Nassau University Medical Center in East Meadow.

Nassau University Medical Center in East Meadow. Credit: Newsday/J. Conrad Williams Jr.

Daily Point

Hochul calls for new leadership to rescue hospital

Gov. Kathy Hochul is pushing for big changes to the Nassau University Medical Center board.

In letters written to state and local leaders who have the power to recommend board members for NUMC’s public benefit corporation, Nassau Health Care Corp., state appointment secretary Rose Rodriguez asked elected officials to choose new candidates for available board positions.

The letter points to the hospital’s “dire situation” — a mix, Rodriguez wrote, of “significant financial distress exacerbated by a lack of effective board leadership.”

“Currently, half of NUMC’s board members are in holdover status, and vacancies remain unfilled,” Rodriguez wrote. “I am urging you to swiftly review and replace these individuals with candidates who possess the courage to confront waste, fraud, and abuse, and the determination to steer NUMC towards a path of success.”

The letter came after a Newsday editorial that ran March 13, noting that Hochul has the power to appoint eight members of the NUMC board that are recommended by the Nassau County executive, the majority and minority leaders of the county legislature, and the state Assembly speaker and State Senate majority leader. Hochul also has the option of rejecting choices made by those individuals. Of the eight, at least four are “holdovers” whose terms have expired. One additional seat — to be recommended by the county legislature’s presiding officer, Howard Kopel — is vacant.

“The board requires leaders with the tenacity to address systemic challenges, the integrity to identify mismanagement, and the commitment to revitalizing this essential institution,” the letter said. “Together, a new, stronger board can ensure NUMC fulfills its mission of providing quality health care to the community.”

Separate letters — all saying the same thing — were sent to Kopel, County Executive Bruce Blakeman, State Senate Majority Leader Andrea Stewart-Cousins and Assembly Speaker Carl Heastie.

Appointments to the board’s seven other seats are made directly by county officials, without the state’s involvement. That includes the chairman of the board, Matthew Bruderman, who was appointed by Blakeman. According to board records, his term expires in 2026.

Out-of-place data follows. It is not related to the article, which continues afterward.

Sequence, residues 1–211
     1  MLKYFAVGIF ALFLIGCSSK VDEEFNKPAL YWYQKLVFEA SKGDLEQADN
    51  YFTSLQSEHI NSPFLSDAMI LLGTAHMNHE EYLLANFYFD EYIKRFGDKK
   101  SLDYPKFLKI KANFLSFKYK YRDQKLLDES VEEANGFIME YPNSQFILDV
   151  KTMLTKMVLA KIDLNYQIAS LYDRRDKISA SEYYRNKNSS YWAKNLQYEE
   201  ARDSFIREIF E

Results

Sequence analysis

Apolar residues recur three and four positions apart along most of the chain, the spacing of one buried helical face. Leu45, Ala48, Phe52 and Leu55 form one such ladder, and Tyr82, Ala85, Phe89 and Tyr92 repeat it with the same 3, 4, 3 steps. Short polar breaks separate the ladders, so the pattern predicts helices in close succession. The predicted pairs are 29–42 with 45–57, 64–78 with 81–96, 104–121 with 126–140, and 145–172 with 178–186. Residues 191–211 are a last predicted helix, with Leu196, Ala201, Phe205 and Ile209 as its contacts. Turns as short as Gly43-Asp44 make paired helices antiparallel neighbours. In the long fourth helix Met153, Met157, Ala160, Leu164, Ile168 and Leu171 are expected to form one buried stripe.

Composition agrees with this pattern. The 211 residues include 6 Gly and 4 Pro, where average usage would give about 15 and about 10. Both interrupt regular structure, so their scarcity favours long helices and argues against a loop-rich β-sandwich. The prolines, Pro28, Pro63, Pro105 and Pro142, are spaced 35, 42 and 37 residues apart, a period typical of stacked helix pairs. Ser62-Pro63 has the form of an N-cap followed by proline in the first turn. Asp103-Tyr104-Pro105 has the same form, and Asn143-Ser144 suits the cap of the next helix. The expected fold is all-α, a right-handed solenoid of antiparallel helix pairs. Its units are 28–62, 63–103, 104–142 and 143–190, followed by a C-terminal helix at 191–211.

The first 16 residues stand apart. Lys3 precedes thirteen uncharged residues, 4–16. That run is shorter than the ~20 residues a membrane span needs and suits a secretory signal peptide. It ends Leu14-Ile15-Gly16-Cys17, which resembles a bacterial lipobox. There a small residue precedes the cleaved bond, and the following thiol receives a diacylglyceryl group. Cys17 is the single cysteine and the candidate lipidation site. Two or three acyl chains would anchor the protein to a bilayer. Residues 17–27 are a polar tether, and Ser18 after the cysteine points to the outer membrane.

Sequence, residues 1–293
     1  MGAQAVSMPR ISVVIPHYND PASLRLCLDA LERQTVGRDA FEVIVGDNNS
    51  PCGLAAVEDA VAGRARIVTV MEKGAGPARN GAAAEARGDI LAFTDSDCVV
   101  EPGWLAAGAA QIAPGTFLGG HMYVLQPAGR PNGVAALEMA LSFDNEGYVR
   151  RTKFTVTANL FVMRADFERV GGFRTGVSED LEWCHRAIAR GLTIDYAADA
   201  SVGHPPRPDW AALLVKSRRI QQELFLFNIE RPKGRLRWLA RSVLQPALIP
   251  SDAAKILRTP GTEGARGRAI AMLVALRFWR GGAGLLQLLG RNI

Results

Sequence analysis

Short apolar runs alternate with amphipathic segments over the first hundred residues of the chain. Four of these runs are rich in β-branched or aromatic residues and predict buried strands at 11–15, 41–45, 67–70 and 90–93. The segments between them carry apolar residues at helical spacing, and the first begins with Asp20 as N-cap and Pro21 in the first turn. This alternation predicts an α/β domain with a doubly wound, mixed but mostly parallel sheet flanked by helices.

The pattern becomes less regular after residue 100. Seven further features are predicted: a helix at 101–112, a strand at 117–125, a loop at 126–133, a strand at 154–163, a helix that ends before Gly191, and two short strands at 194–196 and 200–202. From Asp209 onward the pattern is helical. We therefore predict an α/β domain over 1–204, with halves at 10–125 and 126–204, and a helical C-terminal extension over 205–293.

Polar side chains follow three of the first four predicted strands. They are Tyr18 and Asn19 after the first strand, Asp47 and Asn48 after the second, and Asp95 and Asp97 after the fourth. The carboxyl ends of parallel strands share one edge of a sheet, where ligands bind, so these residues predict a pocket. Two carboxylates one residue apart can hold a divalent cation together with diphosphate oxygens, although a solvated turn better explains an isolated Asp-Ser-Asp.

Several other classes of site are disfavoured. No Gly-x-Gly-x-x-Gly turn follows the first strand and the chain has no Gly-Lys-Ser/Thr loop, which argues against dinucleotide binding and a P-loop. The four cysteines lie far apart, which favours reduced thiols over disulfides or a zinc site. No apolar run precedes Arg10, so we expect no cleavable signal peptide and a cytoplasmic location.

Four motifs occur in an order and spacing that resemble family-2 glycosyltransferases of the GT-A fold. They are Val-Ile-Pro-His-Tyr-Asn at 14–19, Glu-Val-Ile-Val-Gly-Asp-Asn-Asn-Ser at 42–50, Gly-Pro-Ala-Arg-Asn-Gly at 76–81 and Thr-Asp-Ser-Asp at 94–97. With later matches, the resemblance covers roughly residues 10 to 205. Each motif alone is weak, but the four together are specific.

Rodriguez closed the letter, dated March 28 and written on Executive Chamber letterhead with Hochul’s name on it, by saying state officials were ready to “review your candidates and support this important hospital.”

With an overdue state budget to negotiate, however, even the “dire” situation at NUMC may take a backseat for a few days.

— Randi F. Marshall

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Final Point

Another partisan-tinted court fight looms

Long Island’s two Republican-run counties are expected to play a still-to-be-defined role in supporting a new lawsuit, filed recently by Onondaga County and its GOP leadership, aimed at voiding New York’s new even-year election law, insiders tell The Point.

The legislation, pushed by the state’s dominant Democratic Party and signed by Gov. Kathy Hochul in December, places local, state and congressional elections on a single, lengthy ballot in alternate even years. The rationale was to do away with low-turnout “off-year” election days in New York. Presidential and gubernatorial races are run in alternate even years, creating opportunities for a “coattail” effect further down ballot.

Foes of the measure expressed doubt throughout the legislative process that this new law would encourage participation as advertised and predicted it would actually starve local races, currently in odd years, of their share of voter attention.

Now Onondaga County argues in state Supreme Court that by dictating the timing of all ballots — except for New York City and certain state-mandated and judicial offices — the state infringes on the constitutional power of counties to set duties and terms of their elected posts.

The upstate county’s charter provides that elections for county legislators for a two-year term, and for county executive for a four-year term, are to be held in odd-numbered years. To accomplish the shift under the new state law to even years, some terms are due to be shortened, starting in 2025. Though it would happen only once, it would still usurp the county’s power, the complainants are saying.

“The Even Year Election Law is a blatant violation of Article IX of the New York State Constitution, which grants expansive home rule rights and powers to local governments, including the County,” states the court complaint filed March 22. “The Court should declare the Even Year Election Law unconstitutional.”

Supporters of the change say language in the bill provides for legally overriding these charter provisions.

The lead attorney for the plaintiffs, Ed Carni, is a well-known lawyer based in Syracuse who formerly served as a state Supreme Court justice and associate justice in the Appellate Division.

The court challenge might parallel the extended battle just ended over redistricting — in the sense that the major parties are fighting in court over how electoral playing fields are set. A time frame for this new case has yet to be set. Other counties in other regions are expected to weigh in, as suggested by the fact that the legislation was firmly opposed last year by the bipartisan New York State Association of Counties.

— Dan Janison

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